On Wednesday, May 16, Grimaldi Forum, which regularly holds events to raise public awareness about environment preservation, has chosen to share a living testimony of the impacts of deforestation on the planets primary forests, by organising an exceptional meeting with Chief Papou Mundiya Kepanga.
Leader of the Kobe Tumbiali community, Mundiya Kepanga is a respected leader of the Huli tribe in Papua New Guinea. Living in the heart of one of the primary forests of the globe, he leads a traditional life. However, since 2003 he has travelled around Europe giving lectures at the invitation of museums, researchers and schools. Additionally, he has spoken on numerous occasions at international symposia in Paris (COP21, UNESCO), in London (GEM Report UNESCO) and in New York, inviting others to reflect on the way they look at indigenous peoples and themselves.
With a strong commitment to the defence of the environment and especially the primary forest of his country, Mundiya Kepanga is at the origin of eco-development programmes such as the creation of a bed and breakfast, a source of essential income for his entire village, and a voice of indigenous peoples and an observer of the world that he comments on in a very personal way.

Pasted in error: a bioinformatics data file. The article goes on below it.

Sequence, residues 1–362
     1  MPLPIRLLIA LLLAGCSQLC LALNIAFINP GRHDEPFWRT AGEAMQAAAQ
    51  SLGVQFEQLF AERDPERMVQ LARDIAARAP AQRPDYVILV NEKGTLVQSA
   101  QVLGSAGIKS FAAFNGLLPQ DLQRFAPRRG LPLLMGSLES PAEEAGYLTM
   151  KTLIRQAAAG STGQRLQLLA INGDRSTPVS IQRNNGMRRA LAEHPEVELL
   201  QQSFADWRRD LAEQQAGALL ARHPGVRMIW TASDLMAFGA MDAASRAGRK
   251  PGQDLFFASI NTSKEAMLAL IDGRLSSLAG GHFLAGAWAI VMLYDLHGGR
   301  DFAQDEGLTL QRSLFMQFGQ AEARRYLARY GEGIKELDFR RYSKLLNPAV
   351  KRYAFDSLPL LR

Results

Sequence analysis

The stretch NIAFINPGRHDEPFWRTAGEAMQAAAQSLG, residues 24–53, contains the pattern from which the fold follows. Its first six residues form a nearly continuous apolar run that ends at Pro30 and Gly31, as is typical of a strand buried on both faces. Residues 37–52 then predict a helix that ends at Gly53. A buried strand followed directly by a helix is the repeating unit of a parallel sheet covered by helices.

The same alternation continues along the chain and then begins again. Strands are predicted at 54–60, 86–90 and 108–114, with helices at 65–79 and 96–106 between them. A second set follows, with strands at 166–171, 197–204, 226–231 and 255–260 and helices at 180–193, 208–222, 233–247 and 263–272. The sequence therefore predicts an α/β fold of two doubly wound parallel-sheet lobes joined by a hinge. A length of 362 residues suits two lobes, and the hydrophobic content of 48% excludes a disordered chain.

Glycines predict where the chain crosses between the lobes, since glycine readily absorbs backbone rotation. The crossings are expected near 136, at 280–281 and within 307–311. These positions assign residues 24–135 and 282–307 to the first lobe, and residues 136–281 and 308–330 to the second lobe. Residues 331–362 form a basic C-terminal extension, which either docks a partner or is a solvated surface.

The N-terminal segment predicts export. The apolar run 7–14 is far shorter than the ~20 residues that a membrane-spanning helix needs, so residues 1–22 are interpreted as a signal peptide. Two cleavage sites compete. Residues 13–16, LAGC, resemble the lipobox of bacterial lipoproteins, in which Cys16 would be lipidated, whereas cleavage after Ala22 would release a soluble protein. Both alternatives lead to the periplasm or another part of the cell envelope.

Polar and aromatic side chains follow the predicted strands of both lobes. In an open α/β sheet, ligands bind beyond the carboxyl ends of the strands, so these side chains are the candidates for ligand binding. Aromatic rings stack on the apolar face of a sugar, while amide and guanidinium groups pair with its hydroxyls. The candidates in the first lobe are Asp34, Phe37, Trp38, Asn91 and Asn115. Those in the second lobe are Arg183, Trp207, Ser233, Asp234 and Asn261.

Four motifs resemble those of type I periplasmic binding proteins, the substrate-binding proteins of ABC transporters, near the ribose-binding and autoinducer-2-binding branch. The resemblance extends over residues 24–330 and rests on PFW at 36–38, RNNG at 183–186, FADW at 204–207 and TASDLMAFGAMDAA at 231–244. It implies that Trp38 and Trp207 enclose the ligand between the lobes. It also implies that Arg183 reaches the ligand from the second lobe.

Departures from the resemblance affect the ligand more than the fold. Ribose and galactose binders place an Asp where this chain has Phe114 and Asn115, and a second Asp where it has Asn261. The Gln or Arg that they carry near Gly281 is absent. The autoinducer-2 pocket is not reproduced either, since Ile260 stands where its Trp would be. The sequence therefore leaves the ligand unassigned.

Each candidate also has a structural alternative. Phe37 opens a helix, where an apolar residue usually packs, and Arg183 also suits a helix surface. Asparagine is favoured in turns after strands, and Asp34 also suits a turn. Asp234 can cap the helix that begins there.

TV channel Arte will also broadcast the documentary, which will be screened during the evening at the Grimaldi Forum, “Brothers of the trees,” the film made by Marc Dozier and Luc Marescot. The film carries a message dedicated to all mankind: our forest is a universal heritage that produces the oxygen we all breathe and must be safeguarded. It is a call to protect all the primary forests of the globe that reminds us that we are all brothers of the trees.
As the preservation of the planet also involves younger generations, in the morning Grimaldi Forum, in collaboration with the Directorate of National Education, Youth and Sports of Monaco, a private screening of a special documentary film on the Chief for fourth and fifth grade Monaco students who will also have the chance to talk to Chief Kepanga.
Free entry on reservation (+377 99 99 30 00).